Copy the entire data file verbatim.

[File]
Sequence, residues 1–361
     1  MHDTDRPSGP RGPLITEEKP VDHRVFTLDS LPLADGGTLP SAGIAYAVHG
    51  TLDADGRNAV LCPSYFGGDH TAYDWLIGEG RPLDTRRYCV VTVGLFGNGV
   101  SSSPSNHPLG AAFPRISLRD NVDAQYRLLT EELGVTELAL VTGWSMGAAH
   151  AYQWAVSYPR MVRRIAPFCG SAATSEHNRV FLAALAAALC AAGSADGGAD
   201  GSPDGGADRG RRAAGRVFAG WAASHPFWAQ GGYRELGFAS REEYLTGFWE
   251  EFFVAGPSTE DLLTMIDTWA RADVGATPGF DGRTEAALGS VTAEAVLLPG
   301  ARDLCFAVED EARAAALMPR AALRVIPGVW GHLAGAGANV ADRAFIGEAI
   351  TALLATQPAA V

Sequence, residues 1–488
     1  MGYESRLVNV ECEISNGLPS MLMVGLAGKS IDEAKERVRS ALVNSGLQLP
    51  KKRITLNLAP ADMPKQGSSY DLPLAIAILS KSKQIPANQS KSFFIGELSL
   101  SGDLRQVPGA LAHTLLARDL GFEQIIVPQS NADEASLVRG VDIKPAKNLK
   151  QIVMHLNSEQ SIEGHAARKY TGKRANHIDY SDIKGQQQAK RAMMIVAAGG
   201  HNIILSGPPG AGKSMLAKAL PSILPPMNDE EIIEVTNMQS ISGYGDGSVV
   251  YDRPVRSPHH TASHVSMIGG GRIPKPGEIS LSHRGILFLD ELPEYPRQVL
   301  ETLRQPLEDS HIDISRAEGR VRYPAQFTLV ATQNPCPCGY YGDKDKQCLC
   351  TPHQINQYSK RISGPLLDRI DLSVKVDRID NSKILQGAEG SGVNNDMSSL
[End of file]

Sequence, residues 1–361
     1  MHDTDRPSGP RGPLITEEKP VDHRVFTLDS LPLADGGTLP SAGIAYAVHG
    51  TLDADGRNAV LCPSYFGGDH TAYDWLIGEG RPLDTRRYCV VTVGLFGNGV
   101  SSSPSNHPLG AAFPRISLRD NVDAQYRLLT EELGVTELAL VTGWSMGAAH
   151  AYQWAVSYPR MVRRIAPFCG SAATSEHNRV FLAALAAALC AAGSADGGAD
   201  GSPDGGADRG RRAAGRVFAG WAASHPFWAQ GGYRELGFAS REEYLTGFWE
   251  EFFVAGPSTE DLLTMIDTWA RADVGATPGF DGRTEAALGS VTAEAVLLPG
   301  ARDLCFAVED EARAAALMPR AALRVIPGVW GHLAGAGANV ADRAFIGEAI
   351  TALLATQPAA V

Sequence, residues 1–488
     1  MGYESRLVNV ECEISNGLPS MLMVGLAGKS IDEAKERVRS ALVNSGLQLP
    51  KKRITLNLAP ADMPKQGSSY DLPLAIAILS KSKQIPANQS KSFFIGELSL
   101  SGDLRQVPGA LAHTLLARDL GFEQIIVPQS NADEASLVRG VDIKPAKNLK
   151  QIVMHLNSEQ SIEGHAARKY TGKRANHIDY SDIKGQQQAK RAMMIVAAGG
   201  HNIILSGPPG AGKSMLAKAL PSILPPMNDE EIIEVTNMQS ISGYGDGSVV
   251  YDRPVRSPHH TASHVSMIGG GRIPKPGEIS LSHRGILFLD ELPEYPRQVL
   301  ETLRQPLEDS HIDISRAEGR VRYPAQFTLV ATQNPCPCGY YGDKDKQCLC
   351  TPHQINQYSK RISGPLLDRI DLSVKVDRID NSKILQGAEG SGVNNDMSSL